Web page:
What are the differences between income tax and tax deduction at source?

income tax

The two phrases that Indian taxpayers encounter most frequently are income tax and tax deducted at source (TDS). Despite their apparent similarities, they are very different from one another. The primary distinction between TDS and revenue Tax is that the former is subtracted from the taxpayer’s annual return or total profit, while the latter is subtracted from the payer’s revenue sources in accordance with the anticipated tax burden. Furthermore, the mechanisms for collecting both taxes are different.

Income Tax

Income tax is a levy imposed on the yearly income a person or business earns within the fiscal year. The Income Tax Act of 1961, which establishes the guidelines for tax assessment, computation, and collection, governs it. It covers a variety of income streams, including capital gains, earnings from real estate, profits from a career or business, and salaries. Anyone making more than Rs. 2.5 lakhs (under the previous tax system) or ₹3 lakhs (under the current tax regime) must pay income tax; failing to do so is penalized by law as tax evasion.

  • Anyone earning more than ₹3 lakhs (new tax regime) or 2.5 lakhs (old tax regime) annually
  • For senior citizens who are more than 60 years old and less than 80 years old, the limit is 3 Lakhs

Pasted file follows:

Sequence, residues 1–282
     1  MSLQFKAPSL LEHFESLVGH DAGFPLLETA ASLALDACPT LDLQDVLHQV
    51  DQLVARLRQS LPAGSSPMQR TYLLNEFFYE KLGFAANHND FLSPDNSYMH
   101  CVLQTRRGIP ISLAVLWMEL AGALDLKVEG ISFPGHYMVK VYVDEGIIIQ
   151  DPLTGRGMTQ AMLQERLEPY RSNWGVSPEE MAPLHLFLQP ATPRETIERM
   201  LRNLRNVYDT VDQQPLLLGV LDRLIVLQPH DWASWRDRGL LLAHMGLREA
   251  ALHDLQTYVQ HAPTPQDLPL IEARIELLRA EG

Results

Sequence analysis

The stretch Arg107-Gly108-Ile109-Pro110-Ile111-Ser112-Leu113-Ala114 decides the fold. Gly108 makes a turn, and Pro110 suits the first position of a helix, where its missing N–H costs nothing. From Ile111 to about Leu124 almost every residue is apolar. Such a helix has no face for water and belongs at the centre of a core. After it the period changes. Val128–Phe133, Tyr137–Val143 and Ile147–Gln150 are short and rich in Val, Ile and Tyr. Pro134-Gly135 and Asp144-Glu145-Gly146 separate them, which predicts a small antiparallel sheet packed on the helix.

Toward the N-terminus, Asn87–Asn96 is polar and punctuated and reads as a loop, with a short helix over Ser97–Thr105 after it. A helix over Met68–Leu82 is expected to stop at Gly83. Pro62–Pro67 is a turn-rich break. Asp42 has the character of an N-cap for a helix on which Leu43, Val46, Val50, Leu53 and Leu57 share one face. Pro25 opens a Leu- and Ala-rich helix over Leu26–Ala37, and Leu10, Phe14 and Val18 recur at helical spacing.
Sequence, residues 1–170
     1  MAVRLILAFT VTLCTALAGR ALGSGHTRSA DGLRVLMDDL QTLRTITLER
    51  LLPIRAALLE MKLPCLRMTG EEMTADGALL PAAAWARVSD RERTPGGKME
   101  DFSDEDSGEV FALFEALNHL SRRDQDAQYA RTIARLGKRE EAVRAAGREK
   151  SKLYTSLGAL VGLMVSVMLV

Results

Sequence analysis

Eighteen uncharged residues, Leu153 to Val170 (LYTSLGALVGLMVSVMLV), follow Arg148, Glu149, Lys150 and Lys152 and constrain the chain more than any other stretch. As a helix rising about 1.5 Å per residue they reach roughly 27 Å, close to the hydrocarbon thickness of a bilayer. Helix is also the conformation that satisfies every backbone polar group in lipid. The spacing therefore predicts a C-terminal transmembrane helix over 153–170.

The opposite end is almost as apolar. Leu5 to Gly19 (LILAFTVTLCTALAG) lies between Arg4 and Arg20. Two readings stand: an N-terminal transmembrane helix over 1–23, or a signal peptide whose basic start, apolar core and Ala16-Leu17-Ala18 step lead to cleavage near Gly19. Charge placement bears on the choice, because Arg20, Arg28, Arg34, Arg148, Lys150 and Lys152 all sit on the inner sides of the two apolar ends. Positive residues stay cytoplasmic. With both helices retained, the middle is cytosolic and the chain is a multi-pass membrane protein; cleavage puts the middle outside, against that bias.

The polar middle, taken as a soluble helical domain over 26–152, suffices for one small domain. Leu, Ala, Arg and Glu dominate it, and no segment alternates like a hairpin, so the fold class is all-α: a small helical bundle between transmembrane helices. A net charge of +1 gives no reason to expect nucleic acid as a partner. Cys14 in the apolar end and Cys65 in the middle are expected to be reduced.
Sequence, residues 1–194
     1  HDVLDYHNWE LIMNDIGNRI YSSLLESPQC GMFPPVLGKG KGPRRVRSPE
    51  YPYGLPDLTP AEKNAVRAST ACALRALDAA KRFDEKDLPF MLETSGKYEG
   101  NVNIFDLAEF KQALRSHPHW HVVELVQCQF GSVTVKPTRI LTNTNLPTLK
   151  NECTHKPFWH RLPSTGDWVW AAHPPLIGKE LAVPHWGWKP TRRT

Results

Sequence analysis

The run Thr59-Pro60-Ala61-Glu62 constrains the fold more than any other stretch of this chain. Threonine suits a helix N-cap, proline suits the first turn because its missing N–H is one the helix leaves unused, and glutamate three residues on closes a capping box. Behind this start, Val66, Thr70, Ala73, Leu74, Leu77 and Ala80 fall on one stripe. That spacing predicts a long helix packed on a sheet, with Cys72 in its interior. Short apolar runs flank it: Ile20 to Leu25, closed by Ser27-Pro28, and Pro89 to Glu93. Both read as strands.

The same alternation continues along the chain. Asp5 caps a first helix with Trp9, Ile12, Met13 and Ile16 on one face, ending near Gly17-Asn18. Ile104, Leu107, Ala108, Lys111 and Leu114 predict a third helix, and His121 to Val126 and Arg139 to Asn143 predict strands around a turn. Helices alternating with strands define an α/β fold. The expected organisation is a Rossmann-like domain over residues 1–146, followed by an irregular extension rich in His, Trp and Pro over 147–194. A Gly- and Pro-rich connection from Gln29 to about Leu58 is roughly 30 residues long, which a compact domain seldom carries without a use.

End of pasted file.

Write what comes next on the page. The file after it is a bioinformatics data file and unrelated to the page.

• For senior citizens who aged more than 80 years, the limit is 5 Lakhs

Tax Deduction at Source

  • When tax is withheld from an individual’s primary source of income and sent straight to the government, it’s known as tax deducted at source, or TDS. When making certain payments, such as salaries, interest, rent, or professional fees, people or organizations are required by law to deduct a predetermined proportion of taxes from the payment amount. This is known as TDS. It is essential for stopping tax evasion and makes the process of collecting taxes easier.

    • Salary Payment
    • Revenue from Rentals and Investments
    • Cash obtained from winning lotteries, games of chance, prizes, puzzles, and related activities.
    • Insurance commissions
    • Contractor payments, brokerage fees, commissions, and other expert costs
    • Payments from a number of sources, including the National Savings Plan.
income tax

Differences between Income Tax and TDS

  • TDS is deducted at the source of income throughout the year, whereas the taxpayer pays Income Tax at the end of the financial year.

  • The payer (employer or financial institution) deducts TDS and remits it to the government, while the taxpayer directly pays Income Tax after calculating their tax liability.

  • TDS tax rates are determined by the government based on the nature of payment, with no payer intervention, whereas Income Tax rates depend on income slabs outlined in Tax Laws.

  • TDS applies to payments such as salary, interest, rent, professional fees, etc., while Income Tax is imposed on the total annual income, including salary, capital gains, etc.

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